Mifflin boasts 25,000 attendees

by Joanna Salmen

City Editor

Despite an inclement weather forecast and the four-keg limit per house set by Madison police for the 35th annual Mifflin Street Block Party, few of the 25,000 attendees went thirsty Saturday.

Few houses obeyed the keg limit, with one house boasting more than 50 kegs. According to City Council President Mike Verveer, no houses on the 400 and 500 blocks of Mifflin Street were issued citations for exceeding the four-keg regulation.

“The keg limit was not something that was emphasized,” said Verveer, who attended many of the police meetings preceding the party.

This year’s party was considerably smaller than last year’s when about 35,000 people attended. Many attributed the decreased size to the weather forecast, which called for rain.

“It turned out to be a great day,” University of Wisconsin sophomore Kim Stenklyft said. “A lot of my friends from out of town decided not to come because they didn’t want to risk being stuck outside in the rain.”

The weather, however, turned out to better than expected, much like the improved behavior of students from previous years.

Verveer said the only house party overtaken by police was located on the corner of Bassett and Mifflin Streets and was the result of women exposing themselves to the crowds below.

According to eyewitnesses, a disc jockey from WJJO was encouraging women on a third floor balcony to expose themselves. Police who witnessed the incident immediately responded and made everyone inside vacate the house. According to Verveer, residents and partygoers were granted permission to re-enter the house shortly after, and no citations were issued.

Many students at the event noted the police were much stricter in the beginning of the day but relaxed as the day continued.

According to Verveer, the police decided to enforce violations in stages. During the early hours of the day, police were in phase one, where they implemented a zero tolerance policy. People with open containers on Mifflin or caught carrying glass bottles or cups were promptly handcuffed and taken to the City County Building where they were issued citations.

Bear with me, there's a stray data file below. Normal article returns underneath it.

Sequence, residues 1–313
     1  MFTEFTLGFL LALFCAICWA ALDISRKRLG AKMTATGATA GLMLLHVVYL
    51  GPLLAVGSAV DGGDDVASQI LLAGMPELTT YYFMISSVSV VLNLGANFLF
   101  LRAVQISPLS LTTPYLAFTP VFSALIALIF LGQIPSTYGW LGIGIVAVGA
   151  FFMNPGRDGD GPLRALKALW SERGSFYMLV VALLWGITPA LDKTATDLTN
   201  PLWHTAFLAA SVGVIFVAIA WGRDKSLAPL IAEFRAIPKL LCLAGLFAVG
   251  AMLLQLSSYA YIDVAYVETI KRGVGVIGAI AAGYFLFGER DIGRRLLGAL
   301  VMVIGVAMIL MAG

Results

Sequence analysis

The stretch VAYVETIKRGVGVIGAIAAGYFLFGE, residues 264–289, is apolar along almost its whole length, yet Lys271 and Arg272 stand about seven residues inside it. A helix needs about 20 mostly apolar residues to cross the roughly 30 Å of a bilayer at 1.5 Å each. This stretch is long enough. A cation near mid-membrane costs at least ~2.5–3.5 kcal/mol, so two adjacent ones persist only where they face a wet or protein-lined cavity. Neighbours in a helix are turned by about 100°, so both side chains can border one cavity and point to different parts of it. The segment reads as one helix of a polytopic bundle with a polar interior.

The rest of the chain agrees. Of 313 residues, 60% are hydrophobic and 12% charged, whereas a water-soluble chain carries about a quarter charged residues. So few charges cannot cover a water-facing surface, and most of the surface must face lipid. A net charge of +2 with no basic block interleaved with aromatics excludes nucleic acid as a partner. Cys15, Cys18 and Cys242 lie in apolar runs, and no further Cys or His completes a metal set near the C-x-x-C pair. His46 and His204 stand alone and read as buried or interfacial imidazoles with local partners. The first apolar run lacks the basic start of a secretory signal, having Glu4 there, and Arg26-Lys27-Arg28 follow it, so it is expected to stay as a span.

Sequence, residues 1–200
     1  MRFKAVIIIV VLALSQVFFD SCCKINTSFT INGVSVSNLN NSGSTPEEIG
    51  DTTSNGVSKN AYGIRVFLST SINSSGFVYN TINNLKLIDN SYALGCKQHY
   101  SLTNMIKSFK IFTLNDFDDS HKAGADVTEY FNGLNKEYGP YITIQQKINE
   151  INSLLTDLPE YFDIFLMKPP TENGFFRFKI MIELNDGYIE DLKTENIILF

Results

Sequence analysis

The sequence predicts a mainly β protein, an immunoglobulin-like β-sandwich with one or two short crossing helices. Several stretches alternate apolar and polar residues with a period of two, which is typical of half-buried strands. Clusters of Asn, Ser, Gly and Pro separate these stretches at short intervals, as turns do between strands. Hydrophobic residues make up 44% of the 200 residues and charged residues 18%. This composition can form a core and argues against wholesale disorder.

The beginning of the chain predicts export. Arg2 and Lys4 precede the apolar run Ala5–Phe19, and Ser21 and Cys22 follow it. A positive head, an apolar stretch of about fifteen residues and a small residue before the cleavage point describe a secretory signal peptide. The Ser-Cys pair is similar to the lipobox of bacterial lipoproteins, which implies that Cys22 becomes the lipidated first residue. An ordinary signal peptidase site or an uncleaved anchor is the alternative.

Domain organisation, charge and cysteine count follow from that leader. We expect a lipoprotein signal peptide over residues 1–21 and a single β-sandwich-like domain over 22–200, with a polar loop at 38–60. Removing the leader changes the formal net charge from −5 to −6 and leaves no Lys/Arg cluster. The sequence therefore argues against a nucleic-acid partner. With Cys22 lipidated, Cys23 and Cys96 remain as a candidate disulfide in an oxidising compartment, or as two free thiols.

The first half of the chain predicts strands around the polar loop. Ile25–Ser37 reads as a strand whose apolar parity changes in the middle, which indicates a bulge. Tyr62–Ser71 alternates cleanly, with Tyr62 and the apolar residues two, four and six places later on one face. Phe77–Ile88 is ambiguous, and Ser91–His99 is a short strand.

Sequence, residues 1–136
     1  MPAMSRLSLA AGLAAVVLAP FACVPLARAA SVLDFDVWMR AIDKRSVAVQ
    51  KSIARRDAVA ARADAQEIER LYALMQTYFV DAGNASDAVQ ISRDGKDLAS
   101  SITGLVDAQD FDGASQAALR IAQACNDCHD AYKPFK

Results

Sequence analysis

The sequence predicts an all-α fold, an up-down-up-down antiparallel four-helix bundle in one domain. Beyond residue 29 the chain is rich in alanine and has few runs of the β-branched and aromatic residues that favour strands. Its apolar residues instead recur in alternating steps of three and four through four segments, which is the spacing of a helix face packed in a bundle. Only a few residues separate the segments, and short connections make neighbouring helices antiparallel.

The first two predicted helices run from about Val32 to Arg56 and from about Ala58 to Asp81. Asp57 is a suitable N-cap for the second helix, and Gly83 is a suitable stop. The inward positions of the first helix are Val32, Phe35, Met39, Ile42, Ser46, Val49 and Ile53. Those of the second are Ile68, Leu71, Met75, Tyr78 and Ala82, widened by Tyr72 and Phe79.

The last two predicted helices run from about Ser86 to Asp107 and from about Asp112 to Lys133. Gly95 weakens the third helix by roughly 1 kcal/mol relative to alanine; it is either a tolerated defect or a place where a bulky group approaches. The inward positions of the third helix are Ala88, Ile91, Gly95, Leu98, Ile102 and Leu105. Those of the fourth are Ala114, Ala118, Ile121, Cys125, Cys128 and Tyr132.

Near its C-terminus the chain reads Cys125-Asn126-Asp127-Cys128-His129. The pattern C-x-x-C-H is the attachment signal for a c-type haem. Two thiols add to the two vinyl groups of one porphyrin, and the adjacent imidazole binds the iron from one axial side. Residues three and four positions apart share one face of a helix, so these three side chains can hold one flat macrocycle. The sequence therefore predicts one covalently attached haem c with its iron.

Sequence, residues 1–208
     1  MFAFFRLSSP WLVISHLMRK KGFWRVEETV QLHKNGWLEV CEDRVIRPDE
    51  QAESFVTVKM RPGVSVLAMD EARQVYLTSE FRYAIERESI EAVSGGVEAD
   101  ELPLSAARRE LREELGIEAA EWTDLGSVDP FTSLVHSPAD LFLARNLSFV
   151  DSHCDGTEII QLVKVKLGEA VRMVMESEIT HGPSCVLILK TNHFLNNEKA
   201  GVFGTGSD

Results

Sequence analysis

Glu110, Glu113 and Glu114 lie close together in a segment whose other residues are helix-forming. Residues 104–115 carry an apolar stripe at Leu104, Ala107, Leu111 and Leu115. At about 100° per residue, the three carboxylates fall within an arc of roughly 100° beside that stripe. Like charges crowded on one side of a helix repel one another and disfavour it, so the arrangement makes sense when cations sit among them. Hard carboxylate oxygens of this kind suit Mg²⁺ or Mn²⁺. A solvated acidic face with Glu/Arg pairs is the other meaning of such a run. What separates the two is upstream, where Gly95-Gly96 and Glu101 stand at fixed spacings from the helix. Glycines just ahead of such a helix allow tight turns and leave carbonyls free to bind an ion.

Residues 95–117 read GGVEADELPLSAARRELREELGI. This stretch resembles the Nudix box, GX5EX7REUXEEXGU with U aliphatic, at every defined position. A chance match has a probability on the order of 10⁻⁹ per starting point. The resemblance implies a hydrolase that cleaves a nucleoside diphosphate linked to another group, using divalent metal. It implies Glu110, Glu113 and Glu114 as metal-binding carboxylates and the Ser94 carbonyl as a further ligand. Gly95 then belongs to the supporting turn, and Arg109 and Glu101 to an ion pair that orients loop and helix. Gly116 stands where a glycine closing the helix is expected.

Stenklyft was one of the unfortunate victims of phase one. While relaxing with a glass bottle of beer outside a friend’s house, Stenklyft was approached by police and arrested.

“They put me in plastic handcuffs,” she said. “They hurt they were so tight.”

Police then escorted Stenklyft to an alley in the area along with a few others who had just been arrested.

“They searched all of us and put everything into a plastic bag,” he said.

The arrested were then loaded into a van and taken to the City County Building.

“They took us to a parking garage where they had a bunch of chairs lined up for us,” Stenklyft said, adding that when she arrived, there were already about 10 others waiting to receive citations. Stenklyft had her fingerprints and photograph taken and was issued a ticket for her violation by one of the 15 officers running the operation.

Afterward, Stenklyft said police told them they could return to the party.

“We ran back to Mifflin to get more beer,” Stenklyft said of her and her fellow outlaws’ actions after being released.

Approximately 190 people were arrested at the day’s gathering, a number larger than last year, due in large part to the effective system the police constructed prior to the event. A number of police vans were on hand to transport arrested block partygoers to the City County Building where a table was set up to issue tickets.

Verveer said most of the 226 citations were issued for violating the glass ban or for open containers and public urination. Fines ranged from $102 for possessing glass containers and up to $350 for false identification. No one was arrested or fined solely for drinking underage.

Less than 10 people were taken to the Dane County Jail and issued misdemeanors at the event, significantly less than last year’s number.

The most serious incident occurred when Benjamin P. Miller, an 18-year-old from Wautoma, allegedly attacked Madison police officer Rogelio Herrera after Miller was told to dispose of an open intoxicant at about 10 p.m. Others were brought to the Dane County Jail for reasons such as obstructing an officer by lying or running away from police.

Charges were less serious than last year Verveer said, adding there were no sexual assaults or battery charges as there were in previous years.

There was also a decline in serious injuries, as ambulances were on hand to transport injured people to local hospitals.

As usual, detox centers were filled to maximum capacity by mid-afternoon, and those who were dangerously intoxicated thereafter were taken to local hospital emergency rooms.

Police successfully cleared the streets of Mifflin and reopened them to traffic by around 11:30 p.m.

Verveer said police were happy with the outcome of the event.

“Police were quite pleased there were no serious injuries or property damage,” Verveer said. “They were happy they did not have to use the riot gear.”

Sunday morning, the Mifflin Street Co-op hosted its annual cleanup of the previous day’s festivities.

“All in all, I think the 35th annual Mifflin Street block party was a success,” Verveer said.